One might call Dan Walsh’s geometric abstractions of the last few years—systematically made, but far from automatically generated—tantric minimalism. Painted according to a defined set of rules, they are, at the same time, invested with the physical effort and sustained concentration that marks both the canvases of Agnes Martin and Rajasthani tantric art. By rendering them in layers of translucent acrylic paint, Walsh reveals the logic by which they are produced. At the same time, overlapping brushstrokes and subtle variations in the application of color give them an unexpected lushness and buzzing opticality.
Each of the new paintings in Walsh’s recent exhibition is composed of serried rows of a single basic unit-a square, pyramid, cross or tic-tac-toe mark. Made of fat brushstrokes with rounded ends, the shapes are often overpainted in different colors. Sometimes the new hue starts one row of units down, and one column in from each side, as in the prayer-rug-like Roebling (2011), a field of crosses painted in successive washes of caput mortuum, blue, red, yellow and purple that grow progressively denser from top to bottom.
A downward drift is in fact characteristic of many of the compositions, which often seem to be piling up on or running off the bottoms of the canvases. In Cast (2012), the rows of upside-down pyramids in shades of cream, brown, and gray appear to scroll down the painting as on a computer screen. This impression of gravitational forces at work is enhanced by Walsh’s hanging of the paintings low on the wall, which literally brings them down to earth and thereby counters the aura of transcendence that historically surrounds abstract art.
With their quiltlike patterning, the works (most the dimensions of a medium-size area rug) are Walsh’s most decorative yet, variously invoking textiles, floor plans of churches or temples, or tile work. In places, the artist has gone back into the paintings with a finer brush to add touches, such as the concentric squares inhabiting the spaces between the crosses in one work or the polka-dot pattern in the background of another. The most beguiling pieces here, though, are the most straightforward, such as the subtly flickering Temper (2012), with its yellow-washed green squares ranked on a yellow ground.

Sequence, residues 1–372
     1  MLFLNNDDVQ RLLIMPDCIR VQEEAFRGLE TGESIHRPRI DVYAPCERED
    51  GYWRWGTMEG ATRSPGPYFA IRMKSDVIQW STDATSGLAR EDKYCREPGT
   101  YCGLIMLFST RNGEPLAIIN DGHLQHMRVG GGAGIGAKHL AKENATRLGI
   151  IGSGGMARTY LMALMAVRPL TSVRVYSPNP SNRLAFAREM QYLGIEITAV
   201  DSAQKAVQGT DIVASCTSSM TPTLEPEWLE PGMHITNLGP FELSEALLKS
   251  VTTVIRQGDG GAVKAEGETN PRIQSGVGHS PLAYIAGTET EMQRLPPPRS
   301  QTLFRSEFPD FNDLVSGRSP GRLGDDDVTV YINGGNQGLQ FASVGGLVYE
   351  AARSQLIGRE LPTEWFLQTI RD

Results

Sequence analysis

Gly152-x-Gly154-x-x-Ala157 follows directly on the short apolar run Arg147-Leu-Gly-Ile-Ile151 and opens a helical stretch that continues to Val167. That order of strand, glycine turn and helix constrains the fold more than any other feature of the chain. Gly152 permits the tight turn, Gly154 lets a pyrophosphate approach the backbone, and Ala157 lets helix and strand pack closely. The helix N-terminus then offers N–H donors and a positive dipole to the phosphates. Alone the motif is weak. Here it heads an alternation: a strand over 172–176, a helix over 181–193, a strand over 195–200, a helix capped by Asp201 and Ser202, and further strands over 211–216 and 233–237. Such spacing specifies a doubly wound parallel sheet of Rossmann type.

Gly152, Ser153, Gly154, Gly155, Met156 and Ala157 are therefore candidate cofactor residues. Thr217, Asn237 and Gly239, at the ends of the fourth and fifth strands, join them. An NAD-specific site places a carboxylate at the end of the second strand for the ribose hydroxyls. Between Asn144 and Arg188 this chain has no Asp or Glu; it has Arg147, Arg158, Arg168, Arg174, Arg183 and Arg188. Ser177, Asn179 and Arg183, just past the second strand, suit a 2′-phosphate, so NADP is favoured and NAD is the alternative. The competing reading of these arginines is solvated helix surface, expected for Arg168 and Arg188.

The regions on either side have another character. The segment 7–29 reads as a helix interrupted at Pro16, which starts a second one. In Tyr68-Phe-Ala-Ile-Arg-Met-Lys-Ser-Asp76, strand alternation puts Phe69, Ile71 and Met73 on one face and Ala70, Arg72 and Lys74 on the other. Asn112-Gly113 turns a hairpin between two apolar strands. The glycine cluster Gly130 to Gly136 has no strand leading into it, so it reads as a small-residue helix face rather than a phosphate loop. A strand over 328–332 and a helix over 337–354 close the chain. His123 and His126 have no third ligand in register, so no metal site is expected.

In the smaller front gallery was a 2011 series of drawings produced by incising designs-mandalalike circles and squares-into metallic paper before sanding it down. Opposite them were three nearly monochrome grid paintings on paper (all 2008), each painting employing one more layer of color than the one next to it. While these latter provide a key to how the other works in the show were made, the former might provide the key to why. While devoid of symbolic content, Walsh’s paintings-like the abstract cosmological art of India and Tibet-focus both the eye and the mind, conflating the minimal object with the meditative.
Photo: Dan Walsh: Agent, 2012, acrylic on canvas, 70 inches square; at Paula Cooper.